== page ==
I know that social media lends itself to vitriol, but for sheer ugly invective I don't think I've ever seen anything like the posts regarding the controversy over who gets to use the restroom in North Carolina.
House Bill 2, titled the Public Facilities Privacy and Security Act, was signed into law by Governor Pat McCrory in March. The bill prohibits transgender individuals from using the restroom for the gender they identify with; they have to use their restroom based on what genitalia they have.
Notwithstanding the fact that it's gonna be hard to enforce -- what are they going to do, have an armed guard outside the restroom making everyone drop trou before they let them in? -- supporters of the bill laud it as preventing "perverts" from going into the "wrong bathroom." "One of the biggest issues was about privacy," North Carolina House Speaker Tim Moore said. "The way the ordinance was written by City Council in Charlotte, it would have allowed a man to go into a bathroom, locker or any changing facility, where women are -- even if he was a man. We were concerned. Obviously there is the security risk of a sexual predator, but there is the issue of privacy."
So the issue of safety for transgender individuals is not a concern?
I'm sorry, gender is not as simple as what equipment you were born with. There are at least four different biological constructs related to gender -- anatomy, chromosome makeup (XX or XY), sexual orientation, and brain wiring (i.e. what gender you feel yourself to be). These don't line up the way you'd expect a considerable amount of the time, and that's not even considering the fact that some of these are a spectrum (i.e. bisexuality). So looking at gender as a black and white, either/or situation is simply ignoring the reality.
The whole thing has been cast as a way of keeping sexual deviants out the bathroom -- i.e., as a way of protecting innocent cisgender people. The reality, of course, is that the vast majority of people who commit sexual crimes are cisgender; a study by the Human Rights Campaign last year was unable to find a single substantiated case of a sexual crime committed by a transgender person.
What is equally unequivocal is the suicide attempt rate by transgender individuals. A study by the American Foundation for Suicide Prevention found that 41% of transgender individuals attempt suicide, compared to 4.6% for the rest of us.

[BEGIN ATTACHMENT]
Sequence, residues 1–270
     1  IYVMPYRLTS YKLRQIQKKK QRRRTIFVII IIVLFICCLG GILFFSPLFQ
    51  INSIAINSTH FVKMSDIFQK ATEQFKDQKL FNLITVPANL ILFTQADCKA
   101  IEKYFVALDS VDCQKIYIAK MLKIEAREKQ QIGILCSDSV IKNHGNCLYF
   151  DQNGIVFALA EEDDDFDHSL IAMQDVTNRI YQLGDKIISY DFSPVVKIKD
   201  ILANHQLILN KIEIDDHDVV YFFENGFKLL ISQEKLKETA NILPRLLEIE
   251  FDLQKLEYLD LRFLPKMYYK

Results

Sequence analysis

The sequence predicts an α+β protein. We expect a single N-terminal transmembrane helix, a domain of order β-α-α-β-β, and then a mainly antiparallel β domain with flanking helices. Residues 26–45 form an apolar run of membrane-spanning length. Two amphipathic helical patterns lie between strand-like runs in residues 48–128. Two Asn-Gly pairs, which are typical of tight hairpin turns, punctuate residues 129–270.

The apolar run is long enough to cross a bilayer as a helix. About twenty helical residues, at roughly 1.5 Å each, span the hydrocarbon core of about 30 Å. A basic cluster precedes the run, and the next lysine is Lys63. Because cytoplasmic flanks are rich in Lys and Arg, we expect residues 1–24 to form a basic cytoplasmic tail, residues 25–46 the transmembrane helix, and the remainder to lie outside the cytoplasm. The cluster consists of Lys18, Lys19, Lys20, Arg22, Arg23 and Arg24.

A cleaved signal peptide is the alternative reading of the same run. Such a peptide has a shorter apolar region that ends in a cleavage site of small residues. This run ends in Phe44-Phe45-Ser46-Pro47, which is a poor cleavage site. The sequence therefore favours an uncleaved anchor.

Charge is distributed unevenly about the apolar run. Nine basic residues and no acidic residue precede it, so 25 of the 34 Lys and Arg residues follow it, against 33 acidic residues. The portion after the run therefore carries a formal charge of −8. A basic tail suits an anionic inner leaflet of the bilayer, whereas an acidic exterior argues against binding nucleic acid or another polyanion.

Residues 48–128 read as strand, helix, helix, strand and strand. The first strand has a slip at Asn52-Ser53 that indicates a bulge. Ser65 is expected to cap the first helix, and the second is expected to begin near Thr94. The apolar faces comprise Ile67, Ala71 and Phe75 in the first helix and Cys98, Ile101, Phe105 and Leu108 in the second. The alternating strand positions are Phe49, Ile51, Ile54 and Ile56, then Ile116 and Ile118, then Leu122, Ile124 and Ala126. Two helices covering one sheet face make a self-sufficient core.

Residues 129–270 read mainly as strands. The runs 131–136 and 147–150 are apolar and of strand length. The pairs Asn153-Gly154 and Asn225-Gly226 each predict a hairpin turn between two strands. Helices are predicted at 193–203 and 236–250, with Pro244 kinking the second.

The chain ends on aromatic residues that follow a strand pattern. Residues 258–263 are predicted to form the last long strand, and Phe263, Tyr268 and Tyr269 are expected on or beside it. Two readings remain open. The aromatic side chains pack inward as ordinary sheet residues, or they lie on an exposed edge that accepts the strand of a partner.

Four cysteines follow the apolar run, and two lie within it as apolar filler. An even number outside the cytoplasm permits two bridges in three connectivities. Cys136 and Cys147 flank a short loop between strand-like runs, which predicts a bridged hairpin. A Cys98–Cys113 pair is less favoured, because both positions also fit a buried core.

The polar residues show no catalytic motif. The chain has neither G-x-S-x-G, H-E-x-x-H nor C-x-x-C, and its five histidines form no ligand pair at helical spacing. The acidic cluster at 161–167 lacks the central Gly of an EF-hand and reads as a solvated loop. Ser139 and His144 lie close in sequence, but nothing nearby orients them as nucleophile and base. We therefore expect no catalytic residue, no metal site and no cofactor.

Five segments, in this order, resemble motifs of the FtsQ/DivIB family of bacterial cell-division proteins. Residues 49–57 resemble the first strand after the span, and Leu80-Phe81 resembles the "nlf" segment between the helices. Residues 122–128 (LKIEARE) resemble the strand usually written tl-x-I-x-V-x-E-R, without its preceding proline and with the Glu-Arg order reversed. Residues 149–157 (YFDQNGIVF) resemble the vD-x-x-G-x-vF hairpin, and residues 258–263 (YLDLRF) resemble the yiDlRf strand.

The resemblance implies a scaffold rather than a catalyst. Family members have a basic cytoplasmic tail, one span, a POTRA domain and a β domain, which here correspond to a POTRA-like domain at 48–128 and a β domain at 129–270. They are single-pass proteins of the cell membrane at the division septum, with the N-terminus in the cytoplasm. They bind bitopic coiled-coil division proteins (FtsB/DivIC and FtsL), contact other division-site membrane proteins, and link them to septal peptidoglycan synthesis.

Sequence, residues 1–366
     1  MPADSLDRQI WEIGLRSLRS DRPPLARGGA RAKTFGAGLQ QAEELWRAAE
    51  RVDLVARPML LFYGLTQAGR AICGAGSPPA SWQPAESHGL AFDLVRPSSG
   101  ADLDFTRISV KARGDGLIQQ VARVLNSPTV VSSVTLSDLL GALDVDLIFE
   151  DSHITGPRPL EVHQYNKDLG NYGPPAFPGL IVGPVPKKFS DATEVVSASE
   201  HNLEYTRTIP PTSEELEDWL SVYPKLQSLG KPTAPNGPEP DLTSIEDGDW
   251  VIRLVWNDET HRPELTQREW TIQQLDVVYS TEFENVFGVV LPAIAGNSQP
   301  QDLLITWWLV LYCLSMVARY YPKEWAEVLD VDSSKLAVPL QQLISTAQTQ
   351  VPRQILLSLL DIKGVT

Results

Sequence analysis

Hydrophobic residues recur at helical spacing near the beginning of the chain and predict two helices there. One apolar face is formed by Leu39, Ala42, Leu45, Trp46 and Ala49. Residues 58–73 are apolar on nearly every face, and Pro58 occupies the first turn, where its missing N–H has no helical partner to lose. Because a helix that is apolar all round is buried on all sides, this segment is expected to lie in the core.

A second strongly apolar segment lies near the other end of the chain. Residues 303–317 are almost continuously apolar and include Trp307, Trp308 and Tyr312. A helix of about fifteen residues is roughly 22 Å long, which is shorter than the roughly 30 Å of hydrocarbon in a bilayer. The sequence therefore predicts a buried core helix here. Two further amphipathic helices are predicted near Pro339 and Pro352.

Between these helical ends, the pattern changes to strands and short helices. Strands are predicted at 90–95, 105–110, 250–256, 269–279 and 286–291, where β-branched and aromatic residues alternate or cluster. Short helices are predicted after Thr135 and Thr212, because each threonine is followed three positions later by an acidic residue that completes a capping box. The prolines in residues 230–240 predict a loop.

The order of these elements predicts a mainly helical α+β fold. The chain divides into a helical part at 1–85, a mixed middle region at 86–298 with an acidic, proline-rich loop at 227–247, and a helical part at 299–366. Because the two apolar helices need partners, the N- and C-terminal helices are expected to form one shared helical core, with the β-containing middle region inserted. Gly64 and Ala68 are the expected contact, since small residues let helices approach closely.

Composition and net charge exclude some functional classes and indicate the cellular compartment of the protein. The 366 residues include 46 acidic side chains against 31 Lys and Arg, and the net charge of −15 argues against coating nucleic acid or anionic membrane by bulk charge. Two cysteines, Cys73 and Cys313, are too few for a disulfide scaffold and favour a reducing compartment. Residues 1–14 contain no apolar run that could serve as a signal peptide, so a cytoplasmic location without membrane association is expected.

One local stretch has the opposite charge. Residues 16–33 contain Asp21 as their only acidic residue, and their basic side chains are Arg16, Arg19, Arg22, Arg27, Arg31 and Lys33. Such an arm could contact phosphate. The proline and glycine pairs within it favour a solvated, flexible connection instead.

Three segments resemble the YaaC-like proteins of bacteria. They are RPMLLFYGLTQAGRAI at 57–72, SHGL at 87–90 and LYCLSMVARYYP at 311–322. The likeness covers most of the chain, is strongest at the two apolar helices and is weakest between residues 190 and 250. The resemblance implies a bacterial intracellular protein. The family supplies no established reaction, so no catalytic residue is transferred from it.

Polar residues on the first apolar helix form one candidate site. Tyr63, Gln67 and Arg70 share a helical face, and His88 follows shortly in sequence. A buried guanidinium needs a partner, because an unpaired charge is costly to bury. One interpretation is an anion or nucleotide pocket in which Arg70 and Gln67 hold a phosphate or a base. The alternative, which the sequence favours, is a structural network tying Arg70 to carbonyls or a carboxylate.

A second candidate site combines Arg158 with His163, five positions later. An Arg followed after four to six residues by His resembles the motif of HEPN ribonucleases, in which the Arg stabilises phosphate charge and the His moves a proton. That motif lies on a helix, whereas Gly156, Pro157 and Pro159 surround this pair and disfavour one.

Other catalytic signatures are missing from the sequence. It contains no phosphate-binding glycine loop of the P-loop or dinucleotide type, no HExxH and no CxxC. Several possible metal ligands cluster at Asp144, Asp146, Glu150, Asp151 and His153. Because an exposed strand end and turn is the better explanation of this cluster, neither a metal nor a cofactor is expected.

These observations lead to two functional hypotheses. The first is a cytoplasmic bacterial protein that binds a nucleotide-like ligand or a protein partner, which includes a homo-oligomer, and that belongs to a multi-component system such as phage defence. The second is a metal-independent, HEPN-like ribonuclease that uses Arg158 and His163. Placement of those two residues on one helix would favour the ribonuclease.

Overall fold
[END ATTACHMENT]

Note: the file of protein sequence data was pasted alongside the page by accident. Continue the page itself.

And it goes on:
Wonder why that is? Maybe it's being on the receiving end of bigoted legislation, not to mention vicious slander in the press every single day, you think?
But none of that seems to matter. Hype, prejudice, hatred, and invective are the order of the day on this issue. Just yesterday, Liberty Council President Anita Staver posted a tweet saying that because of the uproar over transgender people using the bathroom, she was planning on bringing her Glock .45 into the ladies' room with her, because it's her "bodyguard."
Odd, isn't it, that the Liberty Council's mission statement "is to preserve religious liberty and help create and maintain a society in which everyone will have the opportunity to discover the truth that will give true freedom."
Except, apparently, if you were born different. In that case, you can get shot just for looking for a quiet place to pee.
What points out even more starkly the hypocrisy of this stance is that when a high-profile right winger -- former Speaker of the House Dennis Hastert -- is accused of sexually abusing four boys, there has been a rush by his colleagues to defend him. Former House Majority Leader Tom DeLay said about Hastert that he is "a good, godly man with very few flaws and who doesn’t deserve what he is going through."
So this isn't about preventing sexual crimes. Just like the Jim Crow laws in the Deep South were never about water fountains. This is about finding a license to hate people who aren't like you -- and, as DeLay shows, making any number of undeserved excuses for the ones who are.
The vitriol continues. Just yesterday I unfriended someone on Facebook who posted a meme threatening violence against any transgender person who went into "the wrong bathroom." I try to be tolerant -- I have friends of various religions (and no religion at all), of all places on the political spectrum, and with just about every ethnic background you can think of. So as you can imagine, I see lots of things in my Facebook feed that I disagree with.
Which is entirely fine by me. Liking you doesn't mean always agreeing with you. But if you imply that you have the right to harass or physically injure someone who isn't exactly like you, that crosses a line in our relationship beyond anything I'm interested in repairing.
For those of you who are still on the fence about the whole "bathroom bill" issue, I have a suggestion. Find some people in your community who are transgender, and talk to them. I have had three students who are transgender and who have opened up to me about it, and I can say honestly that I learned more from hearing about their experiences than I could have learned from any number of news articles. Do you doubt that transgender is real? Go to a local center for LGBT equity -- most communities have one. Walk in with an open mind, and get to know real people who deal with this prejudice every single day of their lives.
And until you have the courage to do that, stop posting inflammatory memes on social media. First, you don't know what you're talking about. Second, you come off sounding like just as big an asshole as the "separate but equal" bigots did back in the 50s and 60s.
And third, you're missing out on learning about the experiences of people who are not like you. Which is about as critical a lesson in personal growth as anyone can have.